IBI noted both features of the site should trigger consideration of the municipal environmental policies and that comments regarding those features was deficient.

“In the Original PJL, the applicant did not provide any comments concerning the Environmentally Sensitive Area and provided minimal comment about the Escarpment feature. Further, the discussion did not fully discuss or portray the various site works, including substantial escarpment excavation,” wrote IBI.

“Based on the July 26 covering letter to the Revised Submission, it appears County Staff requested an Environmental Evaluation…. Given that no additional comments were provided by the applicant, the original PJL is deficient in this manner,” they added.

According to the Official Plan, Environmentally Sensitive Areas “require that proper management practices be incorporated in order to protect the resource feature or species for future generations.”

As stated by IBI, a letter from the Department of Fishers and Oceans (DFO) authorized the proposed work while outlining conditions that must be adhered to, including a maximum disturbance area, habitat reconstruction measures, seasonal restrictions on in-water construction and monitoring.

IBI recommended a technical review committee be constructed to help with implementing this policy.

The original PJR (Planning Justification Report) provided some comments pertaining to the escarpment constraint on the property.

As quoted from the PJR, “new aggregate operations should generally be discouraged from locating on escarpments that are located close to major Provincial highways, County Roads, Lake Ontario and the Bay.”

However, IBI notes that PT focused only on the latter half of that policy by providing comment on how the proposed development is not an aggregate operation. Pointing to the work that has already been carried out on site, IBI states the submission lacks any mention of measures being taken to preserve the escarpment form “insensitive development and visual intrusion.”

According to the PJR, maximum vegetation and soil will be retained on escarpments. It also states building setbacks will be increased to prevent their loss or damage.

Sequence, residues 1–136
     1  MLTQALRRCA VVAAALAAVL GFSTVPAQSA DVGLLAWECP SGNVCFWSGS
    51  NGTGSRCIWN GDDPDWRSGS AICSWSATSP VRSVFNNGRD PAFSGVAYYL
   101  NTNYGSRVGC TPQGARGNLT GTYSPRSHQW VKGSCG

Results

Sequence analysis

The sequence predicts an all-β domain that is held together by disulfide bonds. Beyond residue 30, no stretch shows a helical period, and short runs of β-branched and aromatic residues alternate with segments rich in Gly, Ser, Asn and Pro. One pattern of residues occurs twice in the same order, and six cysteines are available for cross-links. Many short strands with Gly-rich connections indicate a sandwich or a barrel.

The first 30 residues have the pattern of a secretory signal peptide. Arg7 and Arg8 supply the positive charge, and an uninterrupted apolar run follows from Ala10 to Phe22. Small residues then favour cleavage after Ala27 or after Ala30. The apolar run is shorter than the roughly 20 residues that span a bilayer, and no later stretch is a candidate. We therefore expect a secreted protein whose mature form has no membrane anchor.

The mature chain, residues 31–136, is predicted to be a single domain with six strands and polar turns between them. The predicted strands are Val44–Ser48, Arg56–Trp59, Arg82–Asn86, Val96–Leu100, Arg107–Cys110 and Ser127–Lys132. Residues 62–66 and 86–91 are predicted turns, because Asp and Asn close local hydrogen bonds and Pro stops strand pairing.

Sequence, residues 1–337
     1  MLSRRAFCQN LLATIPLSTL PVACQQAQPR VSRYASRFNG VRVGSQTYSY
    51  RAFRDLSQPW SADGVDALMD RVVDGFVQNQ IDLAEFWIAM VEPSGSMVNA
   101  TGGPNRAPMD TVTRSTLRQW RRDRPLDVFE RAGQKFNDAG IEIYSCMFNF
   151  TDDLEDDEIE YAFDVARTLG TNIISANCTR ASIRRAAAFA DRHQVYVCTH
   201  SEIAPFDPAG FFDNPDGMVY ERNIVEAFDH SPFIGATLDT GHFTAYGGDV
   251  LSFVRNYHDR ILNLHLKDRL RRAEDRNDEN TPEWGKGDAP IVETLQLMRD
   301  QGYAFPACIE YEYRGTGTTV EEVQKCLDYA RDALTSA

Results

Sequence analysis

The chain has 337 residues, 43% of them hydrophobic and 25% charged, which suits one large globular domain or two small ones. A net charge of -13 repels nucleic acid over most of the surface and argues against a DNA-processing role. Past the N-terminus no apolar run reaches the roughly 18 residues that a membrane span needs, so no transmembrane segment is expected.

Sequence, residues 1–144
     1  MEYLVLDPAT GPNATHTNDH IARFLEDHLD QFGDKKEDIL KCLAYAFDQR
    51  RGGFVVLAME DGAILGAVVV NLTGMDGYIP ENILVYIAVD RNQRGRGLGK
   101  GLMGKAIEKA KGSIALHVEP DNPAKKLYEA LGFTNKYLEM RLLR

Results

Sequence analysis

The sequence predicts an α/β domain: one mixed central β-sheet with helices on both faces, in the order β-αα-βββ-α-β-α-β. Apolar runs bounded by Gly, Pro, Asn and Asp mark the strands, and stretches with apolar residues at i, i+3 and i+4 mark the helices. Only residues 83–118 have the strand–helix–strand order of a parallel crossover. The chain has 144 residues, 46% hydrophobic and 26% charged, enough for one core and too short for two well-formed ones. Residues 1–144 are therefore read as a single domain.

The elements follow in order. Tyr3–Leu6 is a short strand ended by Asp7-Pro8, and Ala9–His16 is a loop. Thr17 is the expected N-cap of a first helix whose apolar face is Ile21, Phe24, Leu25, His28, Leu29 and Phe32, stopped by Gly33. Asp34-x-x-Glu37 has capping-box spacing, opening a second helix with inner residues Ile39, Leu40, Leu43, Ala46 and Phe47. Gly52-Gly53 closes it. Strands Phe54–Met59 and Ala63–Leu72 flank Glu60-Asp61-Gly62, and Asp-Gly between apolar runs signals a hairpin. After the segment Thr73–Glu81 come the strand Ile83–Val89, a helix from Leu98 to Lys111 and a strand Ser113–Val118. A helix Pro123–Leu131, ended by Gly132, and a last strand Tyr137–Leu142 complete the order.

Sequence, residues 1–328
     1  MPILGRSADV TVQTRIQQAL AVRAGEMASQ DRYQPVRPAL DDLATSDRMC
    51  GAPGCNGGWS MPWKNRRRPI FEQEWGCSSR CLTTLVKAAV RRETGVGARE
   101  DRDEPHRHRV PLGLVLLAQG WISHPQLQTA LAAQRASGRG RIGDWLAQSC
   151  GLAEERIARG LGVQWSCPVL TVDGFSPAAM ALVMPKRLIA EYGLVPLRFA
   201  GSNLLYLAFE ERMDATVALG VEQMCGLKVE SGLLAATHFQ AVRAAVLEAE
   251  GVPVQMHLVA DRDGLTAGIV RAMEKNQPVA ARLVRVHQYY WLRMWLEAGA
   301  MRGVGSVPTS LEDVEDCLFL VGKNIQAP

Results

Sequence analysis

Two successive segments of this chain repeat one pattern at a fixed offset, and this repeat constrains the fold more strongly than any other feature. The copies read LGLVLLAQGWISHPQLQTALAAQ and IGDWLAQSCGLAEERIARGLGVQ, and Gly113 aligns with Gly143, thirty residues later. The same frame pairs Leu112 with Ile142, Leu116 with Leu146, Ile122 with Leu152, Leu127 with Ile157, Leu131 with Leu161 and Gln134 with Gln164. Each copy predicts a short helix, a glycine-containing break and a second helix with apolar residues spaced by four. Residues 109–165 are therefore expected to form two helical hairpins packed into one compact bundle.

With regards to this, IBI has cited a comment from PT to the effect that there was little to no vegetation on the escarpment slope near the proposed and existing docking facilities as far back as the 1960s.

IBI appears to be arguing that PT is using historical degradation of the site to justify further such acts.

“The fact that portions of the escarpment did not have vegetation in the 1960s does not preclude best management practices and acting to introduce vegetation to those portions to prevent further erosion,” they wrote. “Site plan measures should be proposed to ensure a re-vegetation plan for the inactive escarpment portions, similar to that employed on the berms on the property and described in the Environmental Evaluation report. Furthermore, it is our opinion that historic aerial photos demonstrate that the current use of the property has degraded vegetation along the escarpment.”

In their summary recommendations, IBI states outright they do not support tour boat docking use on the site. Furthermore, they recommend that all proposed or required structures, facilities, and matters pertaining to tour boat docking be removed from the proposed plans.

Apart from this, they describe the SPC application as being “confusing and lacking in detail” citing a lack of supporting detail necessary to approve the plan.

With regards to the ZBLA application, IBI cites insufficient technical review of submitted material to justify approval. Citing “a range of outstanding comments and lack of coordinated technical review” as a concern, IBI asserted that for the ZBLA to proceed, a thorough review must confirm compliance with applicable policies, regulations, requirements and provisions.

Going forward, they further recommend that the municipality establish a technical review committee, comprised in part by members of Quinte Conservation and the Department of Fisheries and Oceans, to meet with PT.

They also strongly recommend that the municipality retain a team of peer review consultants with a broad range of expertise, from natural heritage, groundwater, surface water, fish habitat, contamination, and others.

IBI argues that statements made to the effect that all requirements will be met is not sufficient given the nature of the site in question.

“Statements in the PJL that the proposal will meet all applicable requirements are not sufficient. Payment of peer review fees should be at the applicants’ expense,” they added.

For more information about the PT proposal, and to read the peer review in question, please visit: